Small investors account for about 8 percent of shareholders in U.K.-listed REITs.
Porsche Wins New York Court Dismissal of Hedge Funds’ VW Lawsuit
Porsche Automobil Holding SE won an appeals court ruling dismissing a lawsuit by hedge funds that accused the German carmaker of concealing a plan to corner the market in Volkswagen AG shares.
There is an “inadequate connection” between New York and the events at issue in the case, with only e-mails and phone calls taking place in New York, the Appellate Division of the state Supreme Court said in a decision Dec. 27.
Porsche asked the appeals court in November to reverse a lower court’s decision rejecting its motion to dismiss the 2011 suit by 26 hedge funds including David Einhorn’s Greenlight Capital Inc.
The funds, which had bet that Volkswagen stock would fall, claimed Stuttgart, Germany-based Porsche misled investors by denying through much of 2008 that it intended to acquire Volkswagen, which is based in Wolfsburg, Germany, and by using manipulative trades to hide its stock positions. The plaintiffs sought more than $1 billion in damages.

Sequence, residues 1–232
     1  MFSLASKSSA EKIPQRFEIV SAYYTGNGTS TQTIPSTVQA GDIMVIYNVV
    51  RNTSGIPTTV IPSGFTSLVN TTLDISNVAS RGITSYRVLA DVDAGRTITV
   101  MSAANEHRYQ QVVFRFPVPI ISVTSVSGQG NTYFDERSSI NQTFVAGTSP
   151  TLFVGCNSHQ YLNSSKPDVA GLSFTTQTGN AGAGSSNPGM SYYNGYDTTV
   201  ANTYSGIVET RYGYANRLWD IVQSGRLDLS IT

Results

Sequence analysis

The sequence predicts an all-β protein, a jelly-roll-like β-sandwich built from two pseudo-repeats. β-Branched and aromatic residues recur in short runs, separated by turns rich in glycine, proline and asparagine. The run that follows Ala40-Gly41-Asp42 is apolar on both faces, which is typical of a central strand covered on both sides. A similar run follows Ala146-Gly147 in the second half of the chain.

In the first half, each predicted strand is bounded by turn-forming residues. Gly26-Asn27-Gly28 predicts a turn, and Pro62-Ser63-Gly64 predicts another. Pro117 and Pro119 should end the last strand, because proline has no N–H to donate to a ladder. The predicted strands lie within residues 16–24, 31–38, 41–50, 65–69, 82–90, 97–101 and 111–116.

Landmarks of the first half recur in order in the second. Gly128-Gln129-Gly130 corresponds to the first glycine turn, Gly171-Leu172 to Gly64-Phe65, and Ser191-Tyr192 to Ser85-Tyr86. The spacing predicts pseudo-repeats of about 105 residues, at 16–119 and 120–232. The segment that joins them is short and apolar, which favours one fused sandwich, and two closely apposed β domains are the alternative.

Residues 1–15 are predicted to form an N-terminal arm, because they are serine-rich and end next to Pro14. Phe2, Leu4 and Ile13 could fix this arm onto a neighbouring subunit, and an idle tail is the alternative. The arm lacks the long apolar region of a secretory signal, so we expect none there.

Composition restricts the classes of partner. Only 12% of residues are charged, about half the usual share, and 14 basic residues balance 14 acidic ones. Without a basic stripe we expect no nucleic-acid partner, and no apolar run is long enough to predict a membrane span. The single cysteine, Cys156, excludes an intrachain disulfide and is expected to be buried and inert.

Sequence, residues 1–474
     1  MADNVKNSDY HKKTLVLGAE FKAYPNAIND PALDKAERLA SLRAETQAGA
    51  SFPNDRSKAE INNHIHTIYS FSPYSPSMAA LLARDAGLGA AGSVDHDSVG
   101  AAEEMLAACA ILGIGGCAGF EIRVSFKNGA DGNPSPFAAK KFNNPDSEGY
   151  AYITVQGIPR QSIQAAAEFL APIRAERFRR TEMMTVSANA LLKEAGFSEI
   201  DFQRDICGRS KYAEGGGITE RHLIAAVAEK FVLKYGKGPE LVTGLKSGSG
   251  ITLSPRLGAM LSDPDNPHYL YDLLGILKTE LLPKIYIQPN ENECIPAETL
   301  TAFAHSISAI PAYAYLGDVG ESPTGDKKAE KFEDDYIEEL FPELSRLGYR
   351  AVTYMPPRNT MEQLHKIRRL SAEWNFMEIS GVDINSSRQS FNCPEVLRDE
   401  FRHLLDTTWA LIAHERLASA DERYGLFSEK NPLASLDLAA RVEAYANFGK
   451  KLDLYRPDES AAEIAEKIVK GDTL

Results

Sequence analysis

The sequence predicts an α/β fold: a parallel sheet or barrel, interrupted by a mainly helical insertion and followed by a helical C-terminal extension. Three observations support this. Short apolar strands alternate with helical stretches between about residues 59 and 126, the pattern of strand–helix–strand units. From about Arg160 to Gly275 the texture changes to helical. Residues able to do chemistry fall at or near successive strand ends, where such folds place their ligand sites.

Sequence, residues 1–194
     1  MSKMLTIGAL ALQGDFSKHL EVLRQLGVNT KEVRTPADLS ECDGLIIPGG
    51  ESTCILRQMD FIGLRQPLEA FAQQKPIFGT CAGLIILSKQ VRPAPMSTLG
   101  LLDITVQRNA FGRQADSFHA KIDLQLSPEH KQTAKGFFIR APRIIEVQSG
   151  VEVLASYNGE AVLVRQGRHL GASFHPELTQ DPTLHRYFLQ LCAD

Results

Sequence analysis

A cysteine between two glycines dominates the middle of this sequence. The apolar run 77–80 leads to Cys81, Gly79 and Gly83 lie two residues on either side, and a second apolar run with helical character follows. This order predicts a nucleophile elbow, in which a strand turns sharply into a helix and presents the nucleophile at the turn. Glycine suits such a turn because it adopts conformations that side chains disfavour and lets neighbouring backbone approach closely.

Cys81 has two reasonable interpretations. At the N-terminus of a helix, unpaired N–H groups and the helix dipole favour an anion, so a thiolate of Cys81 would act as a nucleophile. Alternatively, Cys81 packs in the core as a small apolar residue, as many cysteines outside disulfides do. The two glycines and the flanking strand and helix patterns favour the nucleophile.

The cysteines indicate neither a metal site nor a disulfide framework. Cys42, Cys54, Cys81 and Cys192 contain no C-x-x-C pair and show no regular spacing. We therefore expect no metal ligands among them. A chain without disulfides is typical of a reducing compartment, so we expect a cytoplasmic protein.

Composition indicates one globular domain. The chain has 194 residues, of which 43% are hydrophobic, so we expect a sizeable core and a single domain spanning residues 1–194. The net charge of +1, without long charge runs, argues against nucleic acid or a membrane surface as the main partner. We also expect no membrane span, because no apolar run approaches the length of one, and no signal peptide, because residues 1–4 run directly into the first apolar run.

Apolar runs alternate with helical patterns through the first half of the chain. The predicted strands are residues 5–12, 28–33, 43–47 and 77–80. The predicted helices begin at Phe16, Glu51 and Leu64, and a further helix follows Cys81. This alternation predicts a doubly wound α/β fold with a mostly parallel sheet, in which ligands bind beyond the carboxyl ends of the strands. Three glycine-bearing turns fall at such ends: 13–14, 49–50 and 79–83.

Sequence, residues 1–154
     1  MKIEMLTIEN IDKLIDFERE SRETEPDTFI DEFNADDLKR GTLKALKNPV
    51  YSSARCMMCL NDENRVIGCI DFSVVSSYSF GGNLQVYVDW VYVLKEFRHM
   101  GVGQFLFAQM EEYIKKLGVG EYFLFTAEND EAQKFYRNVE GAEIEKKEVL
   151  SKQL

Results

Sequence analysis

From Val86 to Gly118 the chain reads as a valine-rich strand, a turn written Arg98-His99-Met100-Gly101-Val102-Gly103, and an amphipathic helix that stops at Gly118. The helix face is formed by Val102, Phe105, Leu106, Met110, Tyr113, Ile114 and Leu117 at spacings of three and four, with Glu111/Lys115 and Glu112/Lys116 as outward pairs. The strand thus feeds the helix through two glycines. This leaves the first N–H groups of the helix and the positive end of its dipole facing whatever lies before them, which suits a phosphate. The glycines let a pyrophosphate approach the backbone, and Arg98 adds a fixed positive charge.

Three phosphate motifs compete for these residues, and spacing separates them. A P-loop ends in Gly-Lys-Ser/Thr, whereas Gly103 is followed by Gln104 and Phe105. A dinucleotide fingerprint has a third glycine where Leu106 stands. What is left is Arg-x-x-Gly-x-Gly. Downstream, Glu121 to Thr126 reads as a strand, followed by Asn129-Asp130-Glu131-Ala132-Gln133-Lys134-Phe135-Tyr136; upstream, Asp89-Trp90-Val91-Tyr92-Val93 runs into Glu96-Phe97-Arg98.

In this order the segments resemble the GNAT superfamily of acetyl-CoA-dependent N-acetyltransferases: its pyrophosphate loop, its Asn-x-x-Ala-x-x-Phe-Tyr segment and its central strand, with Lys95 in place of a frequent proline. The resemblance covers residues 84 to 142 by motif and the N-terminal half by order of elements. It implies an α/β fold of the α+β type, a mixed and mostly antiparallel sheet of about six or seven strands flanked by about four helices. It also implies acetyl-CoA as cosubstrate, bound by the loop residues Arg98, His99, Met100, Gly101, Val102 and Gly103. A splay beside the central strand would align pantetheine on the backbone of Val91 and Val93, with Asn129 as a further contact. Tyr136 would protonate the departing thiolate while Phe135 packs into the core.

The appeals court said witnesses and documents in the case are located in Germany, which provides an “adequate alternative forum.”
Robert Giuffra, an attorney for Porsche at Sullivan & Cromwell LLP, described the decision in a statement as “an important victory for Porsche.”
Porsche is also being sued in Europe over the issue.
James B. Heaton, an attorney for the plaintiffs, declined to comment about the decision.
The case is Viking Global Equities LP v. Porsche Automobil Holdings SE, 650435/2011, New York state Supreme Court, New York County (Manhattan).
Hintz Says U.S. Banks ‘Re-Pricing Their Businesses’
Brad Hintz, an analyst at Sanford C. Bernstein & Co., talked about the outlook for the U.S. financial industry in 2013.
He spoke with Tom Keene and Scarlet Fu on Bloomberg Television’s “Surveillance.”
For the video, click here.